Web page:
I previously visited Rome this past December to meet friends from Boston who were vacationing in The Eternal City. We made a point to eat and drink our way through the city on the few evenings we had together in style. It is an amazing experience to meet loved ones halfway around the world. Everything about your interactions is familiar, but your surroundings are not. At all. And, with whom better to explore new places (and new foods) than with your closest friends? During that visit I was introduced to Trattoria der Pellaro and, upon my return this time around, it was high on my list of places to return.
Although it feels like it, tucked away on a partial dead-end on the quiet side of Corso Vittorio Emanuele II, away from Piazza Navona, this warm, traditional eatery is not so unknown, as it is mentioned in several tour guides (Lonely Planet Italy and Rick Steves – Italy among them). This probably accounted for the snatches of English floating around the crowded tables. However, I would never let the early (we arrived at 8:30pm) crowd of non-Italians dissuade you, as the locals flooded in around 10pm.
Two questions and one statement were posed upon our entrance into the restaurant (in Italian, which somehow we were capable of understanding): (i) inside or outside (inside)? (ii) red wine or white wine (red)? And (iii) We have no menu, you eat what we bring (ok, let the games begin!). And then the food and wine (included in the prix fixe menu) flowed…
Served family style, like each subsequent course, the antipasti included a selection of incredibly flavorful cured meats (salami and proscuitto that melted in our mouths), fresh tomatoes dressed only in the lightest olive oil and garnished with torn, fresh basil leaves, warm, soupy brown lentils (cooked with what I think was salt, pepper and cumin), green olives and, lastly, crusty, warm Italian bread to soak it all up. It was perfect and delicious. After a long day of traveling and walking through the city, we made quick work of these initial plates.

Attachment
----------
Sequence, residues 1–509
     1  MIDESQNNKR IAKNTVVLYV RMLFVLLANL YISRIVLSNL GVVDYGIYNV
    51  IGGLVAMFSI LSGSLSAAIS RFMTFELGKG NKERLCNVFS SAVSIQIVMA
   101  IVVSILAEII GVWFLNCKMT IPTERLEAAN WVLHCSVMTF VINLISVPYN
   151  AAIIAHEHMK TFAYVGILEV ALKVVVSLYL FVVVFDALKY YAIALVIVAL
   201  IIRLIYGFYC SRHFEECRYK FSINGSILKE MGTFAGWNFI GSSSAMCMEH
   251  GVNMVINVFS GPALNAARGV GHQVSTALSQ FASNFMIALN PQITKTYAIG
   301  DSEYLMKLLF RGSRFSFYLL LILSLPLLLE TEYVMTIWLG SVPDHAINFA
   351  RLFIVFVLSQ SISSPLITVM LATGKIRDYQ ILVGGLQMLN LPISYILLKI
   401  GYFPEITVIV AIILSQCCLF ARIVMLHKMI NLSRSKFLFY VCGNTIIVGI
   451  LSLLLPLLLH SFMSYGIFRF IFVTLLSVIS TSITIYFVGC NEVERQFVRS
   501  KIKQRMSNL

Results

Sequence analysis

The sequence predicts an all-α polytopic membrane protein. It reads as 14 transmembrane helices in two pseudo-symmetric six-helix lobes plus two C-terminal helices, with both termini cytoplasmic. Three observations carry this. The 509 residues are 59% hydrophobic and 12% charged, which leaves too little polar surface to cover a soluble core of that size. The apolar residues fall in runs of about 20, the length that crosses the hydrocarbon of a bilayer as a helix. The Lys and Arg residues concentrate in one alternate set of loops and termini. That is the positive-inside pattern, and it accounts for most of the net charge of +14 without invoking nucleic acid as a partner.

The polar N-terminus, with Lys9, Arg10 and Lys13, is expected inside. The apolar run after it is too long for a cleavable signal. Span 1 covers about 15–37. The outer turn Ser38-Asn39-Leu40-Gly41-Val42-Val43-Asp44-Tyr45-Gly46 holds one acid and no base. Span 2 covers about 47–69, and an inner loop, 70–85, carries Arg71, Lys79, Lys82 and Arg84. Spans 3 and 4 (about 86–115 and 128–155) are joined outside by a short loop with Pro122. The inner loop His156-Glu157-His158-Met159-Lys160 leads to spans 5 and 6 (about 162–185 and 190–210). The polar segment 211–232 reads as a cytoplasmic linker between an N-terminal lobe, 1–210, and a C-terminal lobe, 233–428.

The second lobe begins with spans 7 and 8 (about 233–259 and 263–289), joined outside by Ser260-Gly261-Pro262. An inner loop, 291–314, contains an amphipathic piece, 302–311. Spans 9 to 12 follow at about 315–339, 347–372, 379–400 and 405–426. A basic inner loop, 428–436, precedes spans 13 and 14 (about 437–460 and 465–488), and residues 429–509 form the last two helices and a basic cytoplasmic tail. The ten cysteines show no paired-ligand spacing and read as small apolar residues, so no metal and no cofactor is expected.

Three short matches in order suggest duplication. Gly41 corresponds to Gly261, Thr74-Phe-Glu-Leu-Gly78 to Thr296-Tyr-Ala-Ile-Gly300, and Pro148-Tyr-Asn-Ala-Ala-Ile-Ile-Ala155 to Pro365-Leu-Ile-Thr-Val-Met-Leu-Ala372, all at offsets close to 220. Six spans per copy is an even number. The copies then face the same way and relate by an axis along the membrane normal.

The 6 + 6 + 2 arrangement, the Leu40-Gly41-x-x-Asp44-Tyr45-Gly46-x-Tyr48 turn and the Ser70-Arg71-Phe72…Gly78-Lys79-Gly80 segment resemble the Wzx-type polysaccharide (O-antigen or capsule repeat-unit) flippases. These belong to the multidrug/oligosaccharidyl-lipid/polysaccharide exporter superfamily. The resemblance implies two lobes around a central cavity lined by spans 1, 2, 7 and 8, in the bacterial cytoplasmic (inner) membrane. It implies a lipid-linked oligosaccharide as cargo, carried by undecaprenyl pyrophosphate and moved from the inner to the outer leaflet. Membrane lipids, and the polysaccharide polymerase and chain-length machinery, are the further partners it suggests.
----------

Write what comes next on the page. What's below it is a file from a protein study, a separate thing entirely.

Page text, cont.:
Next arrived the pasta. Smartly, small servings doled out here kept us from further making gluttons of ourselves. And, for indecisive people like myself, being given tastes of two sauces was fantastic. The German favored the carbonara in the front, heavily accented with black pepper and containing slightly crispy bits of lardon, which provided pockets of smokey, salty bacon-y goodness with each bite. To the contrary, I enjoyed the tomato-based sauce in the back. I hesitate to label, but my best guess is that it was some type of vodka sauce – a bright tomato flavor mellowed with cream and cheese – that coated each noodle, inside and out.
At this point, the kitchen gave us a few minutes before they brought out the main course. It was a good plan. We needed that time to let things settle, ensuring room for the remaining food. When the next set of dishes did arrive, they included thinly sliced, slightly pink roast beef, a small dish of fresh mozzarella, green salad dressed with a bright, lemon-y vinaigrette and homemade potato chips. The chips were so recently out of the fryer that several still sizzled as they sat on the table. The meat was tender and moist, the chips (while needing salt for this American palate) crispy and the salad was refreshing and cleansing, keeping this course from being too heavy after everything we had already eaten.
Lastly was dessert, of which I was unfortunately not able to get a good photo (not without trying – everything just came out the same shade of yellow). A single dish was put between us containing two large wedges of cornmeal cake, topped with apples and vanilla custard. The edges and bottom of the cake were slightly singed and the center still warm and moist, certainly suggesting that it had been baked on-site, along with many others, that same day. A small jigger of mandarin juice followed, an unexpected, but tasty end to the feast that had just been consumed.
That is what this meal was. A home cooked feast. Not food that would win gourmet accolades or Michelin stars, but one that evoked family. This was a meal I could picture eating on a leisurely Sunday afternoon, passing the dishes of lentils or salad down the table so that everyone could try a bite, while joking and laughing with family and friends. It was warm and satisfying on many levels. Moreover, it reminded me how much I enjoy bringing people together over food, and how, although it has been (for me) a long time, maybe it is time to start cooking again.